# Algorithm for calculating the sum-of-squares distance of a rolling window from a given line function

Given a line function $y = ax + b$, it is easy to calculate the sum-of-squares distance between the line and a window of samples $(1, y_1), (2, y_2), ..., (n, y_n)$ (where $y_1$ is the oldest sample and $y_n$ is the newest):

$\sum_{x=1}^{n}(y_x - (ax + b))^2$

I need a fast algorithm for calculating this value for a rolling window (of length n) - I cannot rescan all the samples in the window every time a new sample arrives.
Obviously, some state should be saved and updated for every new sample that enters the window and every old sample leaves the window.
Notice that when a sample leaves the window, the indecies of the rest of the samples change as well - every $y_x$ becomes $y_{x-1}$. Therefore when a sample leaves the window, every other sample in the window contribute a different value to the new sum: $(y_x - (a(x-1) + b))^2$ instead of $(y_x - (ax + b))^2$.
Is there a known algorithm for calculating this? If not, can you think of one? (It is ok to have some mistakes due first-order linear approximations).

Thanks

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Can you use $\Theta(n)$ storage? Why not just make a queue of squares of differences. When you advance the window by 1, simply add the new square difference and subtract the square distance that disappears from the window. This is constant time per step once you spend $O(n)$ time setting up the initial window. Or do you mean that the window is moved to some position arbitrarily far away? – Andrew D. King Jan 6 '12 at 0:03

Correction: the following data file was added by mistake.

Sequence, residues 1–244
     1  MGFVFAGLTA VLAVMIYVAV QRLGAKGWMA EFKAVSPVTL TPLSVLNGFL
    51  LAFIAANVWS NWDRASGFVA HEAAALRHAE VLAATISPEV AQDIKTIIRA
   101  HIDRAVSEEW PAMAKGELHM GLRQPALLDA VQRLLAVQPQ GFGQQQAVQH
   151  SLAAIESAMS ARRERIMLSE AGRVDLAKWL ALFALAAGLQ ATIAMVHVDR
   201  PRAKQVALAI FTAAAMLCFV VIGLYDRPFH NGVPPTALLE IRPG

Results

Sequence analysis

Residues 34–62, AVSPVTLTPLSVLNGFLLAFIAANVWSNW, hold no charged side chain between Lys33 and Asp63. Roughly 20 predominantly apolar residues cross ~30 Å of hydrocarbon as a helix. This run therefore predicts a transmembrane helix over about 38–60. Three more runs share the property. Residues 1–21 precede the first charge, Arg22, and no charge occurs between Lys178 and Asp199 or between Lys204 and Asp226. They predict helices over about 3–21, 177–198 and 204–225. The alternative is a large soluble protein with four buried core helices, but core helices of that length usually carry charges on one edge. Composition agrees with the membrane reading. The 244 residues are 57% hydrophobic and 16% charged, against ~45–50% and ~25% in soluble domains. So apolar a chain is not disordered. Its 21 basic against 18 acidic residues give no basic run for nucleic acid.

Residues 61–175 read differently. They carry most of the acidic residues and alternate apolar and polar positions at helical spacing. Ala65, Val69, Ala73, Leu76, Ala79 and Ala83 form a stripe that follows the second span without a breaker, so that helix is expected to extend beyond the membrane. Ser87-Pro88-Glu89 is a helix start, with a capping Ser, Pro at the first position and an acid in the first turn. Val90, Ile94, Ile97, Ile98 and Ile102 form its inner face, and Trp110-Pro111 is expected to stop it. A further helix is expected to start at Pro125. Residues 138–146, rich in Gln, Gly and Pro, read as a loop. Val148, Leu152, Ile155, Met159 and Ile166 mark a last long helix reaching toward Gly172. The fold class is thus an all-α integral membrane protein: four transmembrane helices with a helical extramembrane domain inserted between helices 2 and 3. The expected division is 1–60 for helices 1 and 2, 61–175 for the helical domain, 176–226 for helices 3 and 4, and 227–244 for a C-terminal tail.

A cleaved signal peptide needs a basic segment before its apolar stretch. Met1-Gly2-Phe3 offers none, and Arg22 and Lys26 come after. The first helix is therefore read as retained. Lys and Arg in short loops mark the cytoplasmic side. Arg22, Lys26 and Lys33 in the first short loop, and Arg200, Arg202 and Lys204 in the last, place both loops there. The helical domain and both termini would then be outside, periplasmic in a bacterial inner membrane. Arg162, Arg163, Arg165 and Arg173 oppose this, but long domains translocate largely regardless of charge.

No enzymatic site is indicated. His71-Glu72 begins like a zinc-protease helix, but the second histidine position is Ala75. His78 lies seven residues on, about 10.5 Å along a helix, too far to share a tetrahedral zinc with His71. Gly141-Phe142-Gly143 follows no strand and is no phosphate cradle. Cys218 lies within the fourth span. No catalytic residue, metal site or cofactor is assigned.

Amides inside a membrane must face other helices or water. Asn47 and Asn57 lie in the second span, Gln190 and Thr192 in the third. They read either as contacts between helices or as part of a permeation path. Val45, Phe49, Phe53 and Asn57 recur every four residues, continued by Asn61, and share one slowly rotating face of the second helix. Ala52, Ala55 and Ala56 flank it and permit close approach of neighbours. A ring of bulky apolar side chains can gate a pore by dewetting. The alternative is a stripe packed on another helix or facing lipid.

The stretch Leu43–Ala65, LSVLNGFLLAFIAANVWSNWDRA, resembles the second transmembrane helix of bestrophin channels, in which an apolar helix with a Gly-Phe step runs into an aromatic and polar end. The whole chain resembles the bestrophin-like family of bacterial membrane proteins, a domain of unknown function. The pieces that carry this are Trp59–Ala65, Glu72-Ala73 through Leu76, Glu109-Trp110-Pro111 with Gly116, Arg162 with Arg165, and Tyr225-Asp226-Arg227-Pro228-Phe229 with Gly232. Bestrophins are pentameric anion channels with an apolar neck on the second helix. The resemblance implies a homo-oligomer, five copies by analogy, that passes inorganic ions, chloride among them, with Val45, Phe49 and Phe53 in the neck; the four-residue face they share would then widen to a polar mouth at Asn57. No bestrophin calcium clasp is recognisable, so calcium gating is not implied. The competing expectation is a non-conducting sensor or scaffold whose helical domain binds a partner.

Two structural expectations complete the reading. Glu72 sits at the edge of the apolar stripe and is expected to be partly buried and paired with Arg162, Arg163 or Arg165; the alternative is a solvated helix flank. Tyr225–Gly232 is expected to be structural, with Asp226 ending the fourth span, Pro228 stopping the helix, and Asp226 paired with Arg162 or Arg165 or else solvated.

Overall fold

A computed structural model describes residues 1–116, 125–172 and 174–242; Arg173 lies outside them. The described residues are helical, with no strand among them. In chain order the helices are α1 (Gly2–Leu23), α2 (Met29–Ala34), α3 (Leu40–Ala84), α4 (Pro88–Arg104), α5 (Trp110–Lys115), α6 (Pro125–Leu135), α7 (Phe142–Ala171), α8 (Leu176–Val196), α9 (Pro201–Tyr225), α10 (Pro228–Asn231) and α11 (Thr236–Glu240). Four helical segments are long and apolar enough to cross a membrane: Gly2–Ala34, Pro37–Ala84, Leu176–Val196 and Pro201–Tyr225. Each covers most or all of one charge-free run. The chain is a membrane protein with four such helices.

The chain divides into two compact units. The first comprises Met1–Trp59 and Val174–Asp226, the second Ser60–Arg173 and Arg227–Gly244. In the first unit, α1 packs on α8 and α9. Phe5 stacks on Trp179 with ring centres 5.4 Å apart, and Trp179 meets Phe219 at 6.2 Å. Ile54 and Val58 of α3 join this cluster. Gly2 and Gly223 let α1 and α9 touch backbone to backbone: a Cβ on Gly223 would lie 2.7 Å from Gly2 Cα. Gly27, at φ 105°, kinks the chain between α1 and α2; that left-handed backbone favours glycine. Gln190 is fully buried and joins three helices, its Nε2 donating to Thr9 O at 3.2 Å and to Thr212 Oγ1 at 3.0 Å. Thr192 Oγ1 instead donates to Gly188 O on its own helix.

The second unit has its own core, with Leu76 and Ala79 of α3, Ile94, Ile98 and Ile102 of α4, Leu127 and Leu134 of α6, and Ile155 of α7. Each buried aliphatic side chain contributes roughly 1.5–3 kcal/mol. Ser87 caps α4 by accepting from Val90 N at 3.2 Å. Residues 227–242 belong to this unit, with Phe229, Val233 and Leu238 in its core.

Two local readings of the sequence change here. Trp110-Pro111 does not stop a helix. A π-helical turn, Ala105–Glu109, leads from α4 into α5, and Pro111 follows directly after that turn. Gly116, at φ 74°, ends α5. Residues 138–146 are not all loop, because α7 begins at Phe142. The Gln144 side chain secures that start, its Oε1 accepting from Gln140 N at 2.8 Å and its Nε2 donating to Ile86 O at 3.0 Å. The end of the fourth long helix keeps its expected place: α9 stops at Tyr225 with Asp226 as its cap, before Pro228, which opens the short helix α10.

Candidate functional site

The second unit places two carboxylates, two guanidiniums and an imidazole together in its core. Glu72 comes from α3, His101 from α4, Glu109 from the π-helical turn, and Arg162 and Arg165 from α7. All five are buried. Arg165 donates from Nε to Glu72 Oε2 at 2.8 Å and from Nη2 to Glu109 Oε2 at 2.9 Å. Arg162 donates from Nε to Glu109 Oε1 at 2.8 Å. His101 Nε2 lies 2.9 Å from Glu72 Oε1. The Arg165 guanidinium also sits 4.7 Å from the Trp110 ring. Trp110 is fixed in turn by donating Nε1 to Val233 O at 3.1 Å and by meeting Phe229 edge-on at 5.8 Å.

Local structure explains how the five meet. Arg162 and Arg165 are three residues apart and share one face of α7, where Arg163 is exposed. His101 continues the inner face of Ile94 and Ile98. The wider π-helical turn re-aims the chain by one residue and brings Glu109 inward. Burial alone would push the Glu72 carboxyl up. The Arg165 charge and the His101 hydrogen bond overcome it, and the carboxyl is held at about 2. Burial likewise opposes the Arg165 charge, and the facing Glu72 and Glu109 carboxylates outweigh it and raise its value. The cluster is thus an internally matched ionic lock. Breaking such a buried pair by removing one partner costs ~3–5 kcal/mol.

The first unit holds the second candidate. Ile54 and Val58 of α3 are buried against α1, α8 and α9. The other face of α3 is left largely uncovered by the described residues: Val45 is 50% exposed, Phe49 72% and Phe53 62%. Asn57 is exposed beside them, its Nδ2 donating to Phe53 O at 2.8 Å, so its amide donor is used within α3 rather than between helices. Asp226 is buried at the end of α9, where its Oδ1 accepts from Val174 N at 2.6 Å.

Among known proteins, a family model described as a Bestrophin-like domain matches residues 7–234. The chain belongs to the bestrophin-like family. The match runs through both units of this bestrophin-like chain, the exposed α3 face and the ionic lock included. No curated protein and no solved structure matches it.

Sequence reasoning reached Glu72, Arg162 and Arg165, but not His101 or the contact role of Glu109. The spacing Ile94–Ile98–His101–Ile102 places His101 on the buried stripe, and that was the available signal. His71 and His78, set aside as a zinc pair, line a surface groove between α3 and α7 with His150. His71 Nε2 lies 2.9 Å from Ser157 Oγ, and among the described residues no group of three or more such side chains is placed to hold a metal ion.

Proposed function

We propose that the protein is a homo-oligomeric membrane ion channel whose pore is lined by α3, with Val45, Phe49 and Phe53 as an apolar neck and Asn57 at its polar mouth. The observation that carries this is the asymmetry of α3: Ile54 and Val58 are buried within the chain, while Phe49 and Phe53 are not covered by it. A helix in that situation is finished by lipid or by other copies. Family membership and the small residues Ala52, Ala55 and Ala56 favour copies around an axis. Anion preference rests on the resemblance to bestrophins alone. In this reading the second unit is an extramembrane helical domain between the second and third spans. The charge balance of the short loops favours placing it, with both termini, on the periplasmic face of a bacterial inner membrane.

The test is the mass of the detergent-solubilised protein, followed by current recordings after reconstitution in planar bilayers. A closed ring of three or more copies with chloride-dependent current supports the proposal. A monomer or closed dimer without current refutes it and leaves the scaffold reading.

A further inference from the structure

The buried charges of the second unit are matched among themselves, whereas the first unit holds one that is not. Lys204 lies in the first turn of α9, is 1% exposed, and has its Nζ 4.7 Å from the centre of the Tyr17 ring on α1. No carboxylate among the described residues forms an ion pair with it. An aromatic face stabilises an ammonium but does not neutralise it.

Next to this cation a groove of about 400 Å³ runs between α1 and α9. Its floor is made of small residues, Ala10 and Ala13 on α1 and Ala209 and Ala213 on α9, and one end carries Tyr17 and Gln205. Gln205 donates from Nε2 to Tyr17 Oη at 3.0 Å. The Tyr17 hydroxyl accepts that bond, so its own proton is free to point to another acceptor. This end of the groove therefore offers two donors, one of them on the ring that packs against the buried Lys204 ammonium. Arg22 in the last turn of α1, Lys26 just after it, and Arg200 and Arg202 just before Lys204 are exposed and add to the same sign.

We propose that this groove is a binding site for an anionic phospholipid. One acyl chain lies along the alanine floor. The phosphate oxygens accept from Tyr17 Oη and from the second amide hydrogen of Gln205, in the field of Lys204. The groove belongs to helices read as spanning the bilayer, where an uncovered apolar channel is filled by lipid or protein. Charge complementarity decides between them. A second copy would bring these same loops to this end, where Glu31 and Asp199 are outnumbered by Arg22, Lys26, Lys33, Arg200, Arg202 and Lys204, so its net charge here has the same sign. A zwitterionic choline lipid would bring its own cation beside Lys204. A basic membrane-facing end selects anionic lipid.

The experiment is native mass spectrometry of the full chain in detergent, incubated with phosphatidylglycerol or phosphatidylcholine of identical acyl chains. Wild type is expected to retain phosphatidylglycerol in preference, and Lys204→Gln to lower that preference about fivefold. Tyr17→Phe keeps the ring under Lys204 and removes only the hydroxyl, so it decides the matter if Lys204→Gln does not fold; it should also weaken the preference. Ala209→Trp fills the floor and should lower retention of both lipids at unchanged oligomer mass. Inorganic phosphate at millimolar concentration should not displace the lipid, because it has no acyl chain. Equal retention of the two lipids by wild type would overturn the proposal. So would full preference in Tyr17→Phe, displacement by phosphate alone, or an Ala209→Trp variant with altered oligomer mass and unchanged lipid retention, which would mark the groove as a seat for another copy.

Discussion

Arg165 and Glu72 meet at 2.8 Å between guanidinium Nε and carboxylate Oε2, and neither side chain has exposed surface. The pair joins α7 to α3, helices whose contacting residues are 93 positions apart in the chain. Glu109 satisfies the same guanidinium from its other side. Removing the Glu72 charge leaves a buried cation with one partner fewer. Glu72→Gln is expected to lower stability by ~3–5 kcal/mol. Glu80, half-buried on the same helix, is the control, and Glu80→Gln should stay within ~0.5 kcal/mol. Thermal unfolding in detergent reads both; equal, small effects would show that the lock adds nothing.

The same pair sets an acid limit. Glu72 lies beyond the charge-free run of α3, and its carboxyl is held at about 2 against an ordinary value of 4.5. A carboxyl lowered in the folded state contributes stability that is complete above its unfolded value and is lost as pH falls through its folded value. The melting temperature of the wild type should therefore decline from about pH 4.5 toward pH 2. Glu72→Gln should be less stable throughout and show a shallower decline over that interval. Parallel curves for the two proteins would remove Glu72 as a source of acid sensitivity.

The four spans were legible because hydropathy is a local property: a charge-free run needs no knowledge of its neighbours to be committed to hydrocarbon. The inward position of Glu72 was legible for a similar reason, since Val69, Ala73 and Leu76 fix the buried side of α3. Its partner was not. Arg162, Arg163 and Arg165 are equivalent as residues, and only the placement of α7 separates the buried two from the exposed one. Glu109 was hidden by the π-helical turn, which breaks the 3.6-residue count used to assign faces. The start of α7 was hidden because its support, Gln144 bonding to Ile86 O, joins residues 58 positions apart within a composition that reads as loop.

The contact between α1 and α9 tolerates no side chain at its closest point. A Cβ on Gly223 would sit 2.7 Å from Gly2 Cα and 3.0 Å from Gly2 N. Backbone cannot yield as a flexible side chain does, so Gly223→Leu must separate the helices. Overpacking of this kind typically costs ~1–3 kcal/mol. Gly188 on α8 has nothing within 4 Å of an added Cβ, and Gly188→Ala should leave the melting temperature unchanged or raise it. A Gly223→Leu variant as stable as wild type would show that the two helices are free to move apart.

Yes, you can use O(n) storage. See the remark that I added - when samples leave the window the indexes of the other samples change - i.e. their position in the window moved and they became "older". – Oren Jan 6 '12 at 0:34
So in other words, the line for $y$ is "glued to" the window, and you move the window along the $x$-axis? – Andrew D. King Jan 6 '12 at 0:56

We have $\sum_x (y_x - ax-b)^2 = \sum_x y_x^2 - 2a \sum_x x y_x - 2b \sum_x y_x + \sum_x (ax+b)^2$ so the only term requiring $O(n)$ time per shift is $\sum_x x y_x$ because an easy $O(1)$ time trick handles the other terms involving $y_x$.

In this term, you can decrement $x$ in $O(1)$ time too because $\sum_x (x-1) y_x = \sum_x x y_x - \sum_x y_x$, heck you must store $\sum_x y_x$ anyways. After that, you could simply employ the same obvious $O(1)$ time slide trick you used for $\sum_x y_x^2$ and $\sum_x y_x$.

In fact, you need not do anything too special if terms slide off when $x=0$, i.e. you initially added $k y_x$ and subtracted off one $y_x$ per round.

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I think it's a '$(ax + b)$' in the last sum in the first line. – Oren Jan 6 '12 at 1:11
Yup, cut & paste error. – Jeff Burdges Jan 6 '12 at 1:38

If I will have a more detailed solution (step-by-step algorithm) I'll publish it.

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